"In order to trace some more walls of the two blocks of the Great Granary Mr. Sahni made a few stray extensions about the centre of Trench A both towards the east and west. In the former direction, that part which lies to the north of corridor e was termed Ab, and the one to the south as Aa, while the two small westward extensions were termed Ac and Ad."
- Madho Sarup Vats, Excavations at Harappa: Being an account of archaeological excavations at Harappa carried out between the years 1920-21 and 1933-34. Volume I - Text; Volume II - 139 Plates., pg 23.
This is a diagnostic disposable drinking vessel used during the Harappa Phase, periods 3B and 3C. Thousands of complete vessels of this type are found in drains, sump pots and discarded debris from throughout the site. The narrow grooves on the exterior provide a good grip when holding the vessel and if the liquid is hot, they provide a corrugated surface that keeps the fingers from being burned by the hot beverage. The pointed base indicates that they were not to be set down but just discarded. During firing of these vessels the discoloration of the lower part indicates that they were stacked one inside the other in the kiln. They also may have been stored upside down and stacked one on top of the other before being used.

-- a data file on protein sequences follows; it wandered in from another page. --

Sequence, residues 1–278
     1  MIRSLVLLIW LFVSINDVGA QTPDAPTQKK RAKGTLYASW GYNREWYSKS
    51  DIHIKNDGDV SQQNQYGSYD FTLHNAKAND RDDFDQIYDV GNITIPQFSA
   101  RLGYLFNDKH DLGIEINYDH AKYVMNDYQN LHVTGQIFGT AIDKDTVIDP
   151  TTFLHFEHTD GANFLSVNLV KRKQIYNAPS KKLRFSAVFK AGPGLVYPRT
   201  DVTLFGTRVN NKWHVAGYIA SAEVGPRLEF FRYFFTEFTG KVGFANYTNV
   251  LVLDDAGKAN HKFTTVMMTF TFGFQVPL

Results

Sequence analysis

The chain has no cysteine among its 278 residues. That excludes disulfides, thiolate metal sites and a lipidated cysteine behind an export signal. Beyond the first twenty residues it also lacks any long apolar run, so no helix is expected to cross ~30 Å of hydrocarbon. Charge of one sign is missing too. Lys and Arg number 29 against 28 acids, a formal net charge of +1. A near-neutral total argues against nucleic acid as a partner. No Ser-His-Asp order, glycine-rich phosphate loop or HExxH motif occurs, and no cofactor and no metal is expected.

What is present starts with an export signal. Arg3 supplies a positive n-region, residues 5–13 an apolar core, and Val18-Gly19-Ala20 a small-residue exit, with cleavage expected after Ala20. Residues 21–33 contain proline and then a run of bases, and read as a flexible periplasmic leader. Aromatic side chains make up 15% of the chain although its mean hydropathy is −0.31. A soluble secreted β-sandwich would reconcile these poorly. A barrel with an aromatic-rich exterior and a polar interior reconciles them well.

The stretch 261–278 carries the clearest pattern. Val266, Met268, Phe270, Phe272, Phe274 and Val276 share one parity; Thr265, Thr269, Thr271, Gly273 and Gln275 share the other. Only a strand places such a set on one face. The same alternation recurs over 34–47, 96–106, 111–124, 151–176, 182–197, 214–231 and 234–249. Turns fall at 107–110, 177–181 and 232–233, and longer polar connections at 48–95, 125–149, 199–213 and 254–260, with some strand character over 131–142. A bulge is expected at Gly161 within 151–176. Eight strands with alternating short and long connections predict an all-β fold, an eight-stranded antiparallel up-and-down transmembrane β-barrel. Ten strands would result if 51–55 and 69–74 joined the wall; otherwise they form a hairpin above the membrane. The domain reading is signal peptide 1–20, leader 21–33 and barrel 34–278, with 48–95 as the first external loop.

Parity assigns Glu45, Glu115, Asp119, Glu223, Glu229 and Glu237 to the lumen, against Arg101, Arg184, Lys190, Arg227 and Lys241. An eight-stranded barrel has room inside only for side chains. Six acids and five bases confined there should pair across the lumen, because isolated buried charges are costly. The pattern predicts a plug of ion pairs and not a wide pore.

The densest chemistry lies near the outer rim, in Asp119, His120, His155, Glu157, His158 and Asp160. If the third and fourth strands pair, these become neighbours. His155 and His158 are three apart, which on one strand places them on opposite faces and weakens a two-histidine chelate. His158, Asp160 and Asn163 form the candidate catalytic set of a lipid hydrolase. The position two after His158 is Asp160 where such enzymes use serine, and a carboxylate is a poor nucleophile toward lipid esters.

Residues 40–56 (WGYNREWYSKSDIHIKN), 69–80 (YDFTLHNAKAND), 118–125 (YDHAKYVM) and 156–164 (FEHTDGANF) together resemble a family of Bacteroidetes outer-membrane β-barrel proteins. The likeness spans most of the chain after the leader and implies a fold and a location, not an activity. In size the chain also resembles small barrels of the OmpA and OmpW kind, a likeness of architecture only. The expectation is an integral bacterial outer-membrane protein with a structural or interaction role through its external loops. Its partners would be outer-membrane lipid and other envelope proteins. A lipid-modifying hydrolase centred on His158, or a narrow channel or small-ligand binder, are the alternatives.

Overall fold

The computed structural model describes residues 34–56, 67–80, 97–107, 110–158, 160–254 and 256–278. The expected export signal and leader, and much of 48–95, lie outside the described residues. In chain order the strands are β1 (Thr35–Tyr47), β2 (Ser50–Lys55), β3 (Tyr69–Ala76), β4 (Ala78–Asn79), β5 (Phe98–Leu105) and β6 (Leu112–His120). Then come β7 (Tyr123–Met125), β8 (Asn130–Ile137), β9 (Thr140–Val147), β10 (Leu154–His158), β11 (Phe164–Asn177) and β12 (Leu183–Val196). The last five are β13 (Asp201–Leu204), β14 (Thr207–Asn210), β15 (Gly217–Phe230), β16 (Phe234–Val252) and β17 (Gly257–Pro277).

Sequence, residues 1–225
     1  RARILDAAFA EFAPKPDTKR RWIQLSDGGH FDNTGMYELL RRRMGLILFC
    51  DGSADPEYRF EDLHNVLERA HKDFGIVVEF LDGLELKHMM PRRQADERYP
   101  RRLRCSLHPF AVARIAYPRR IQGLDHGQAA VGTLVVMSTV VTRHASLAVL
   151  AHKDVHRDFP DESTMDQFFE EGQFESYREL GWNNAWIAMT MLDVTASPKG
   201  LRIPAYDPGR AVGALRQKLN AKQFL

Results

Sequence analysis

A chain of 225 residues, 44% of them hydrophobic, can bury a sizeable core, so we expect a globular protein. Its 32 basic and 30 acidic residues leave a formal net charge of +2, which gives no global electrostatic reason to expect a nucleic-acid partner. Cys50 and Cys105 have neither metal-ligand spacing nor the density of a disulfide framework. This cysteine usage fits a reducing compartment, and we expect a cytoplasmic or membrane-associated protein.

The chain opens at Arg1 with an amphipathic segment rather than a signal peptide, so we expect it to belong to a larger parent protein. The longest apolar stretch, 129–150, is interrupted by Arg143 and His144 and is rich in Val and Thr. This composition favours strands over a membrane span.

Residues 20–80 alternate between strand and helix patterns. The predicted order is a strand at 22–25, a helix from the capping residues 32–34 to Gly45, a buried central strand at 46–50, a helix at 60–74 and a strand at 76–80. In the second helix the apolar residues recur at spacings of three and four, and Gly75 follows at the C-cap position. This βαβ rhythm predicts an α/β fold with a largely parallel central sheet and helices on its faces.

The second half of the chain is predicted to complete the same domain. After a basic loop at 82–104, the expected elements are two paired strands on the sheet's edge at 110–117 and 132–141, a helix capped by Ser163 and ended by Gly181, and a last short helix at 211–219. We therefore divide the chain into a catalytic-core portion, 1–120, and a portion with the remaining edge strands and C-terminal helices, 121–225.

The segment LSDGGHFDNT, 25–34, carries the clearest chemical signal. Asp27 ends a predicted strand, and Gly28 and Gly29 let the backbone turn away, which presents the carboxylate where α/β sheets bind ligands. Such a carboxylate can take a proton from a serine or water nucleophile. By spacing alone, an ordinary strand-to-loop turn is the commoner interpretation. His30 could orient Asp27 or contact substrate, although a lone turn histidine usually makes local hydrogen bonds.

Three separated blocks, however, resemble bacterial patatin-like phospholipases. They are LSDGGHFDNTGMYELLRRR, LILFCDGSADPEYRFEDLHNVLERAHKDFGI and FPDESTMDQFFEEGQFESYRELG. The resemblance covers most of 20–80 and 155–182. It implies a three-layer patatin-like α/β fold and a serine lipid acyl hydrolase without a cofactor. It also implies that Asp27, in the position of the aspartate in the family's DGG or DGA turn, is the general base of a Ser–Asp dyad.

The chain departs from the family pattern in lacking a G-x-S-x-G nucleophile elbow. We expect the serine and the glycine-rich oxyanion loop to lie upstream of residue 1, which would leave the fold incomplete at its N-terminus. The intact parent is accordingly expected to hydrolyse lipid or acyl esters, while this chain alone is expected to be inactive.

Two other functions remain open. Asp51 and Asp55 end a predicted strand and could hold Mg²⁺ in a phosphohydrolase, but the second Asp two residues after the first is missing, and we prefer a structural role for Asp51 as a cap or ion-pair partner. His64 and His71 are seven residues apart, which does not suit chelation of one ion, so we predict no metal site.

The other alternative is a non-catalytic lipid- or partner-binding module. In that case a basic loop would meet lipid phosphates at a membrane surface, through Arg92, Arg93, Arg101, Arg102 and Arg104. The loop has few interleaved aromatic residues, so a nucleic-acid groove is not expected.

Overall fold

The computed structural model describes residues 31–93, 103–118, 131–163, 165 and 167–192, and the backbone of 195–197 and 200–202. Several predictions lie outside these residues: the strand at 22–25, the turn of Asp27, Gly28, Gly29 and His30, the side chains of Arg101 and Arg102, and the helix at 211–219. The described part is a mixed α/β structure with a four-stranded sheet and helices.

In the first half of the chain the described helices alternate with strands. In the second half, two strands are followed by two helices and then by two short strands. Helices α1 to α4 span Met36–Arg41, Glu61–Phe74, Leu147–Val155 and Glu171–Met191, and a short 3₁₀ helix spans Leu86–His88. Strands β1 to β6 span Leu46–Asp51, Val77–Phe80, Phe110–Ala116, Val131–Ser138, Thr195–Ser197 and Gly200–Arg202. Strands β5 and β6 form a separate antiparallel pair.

See Kenoyer, J. M. 1998. Ancient Cities of the Indus Valley Civilization. Karachi, Oxford University Press, p. 154-155, Fig. 8.18.
See also the pointed base goblets from more recent excavations.
- Jonathan Mark Kenoyer, 2023.
[Original caption] well preserved earthenware lota [A(a) 20]
Extensions Ab, Aa, Ad and Ae (Mound F)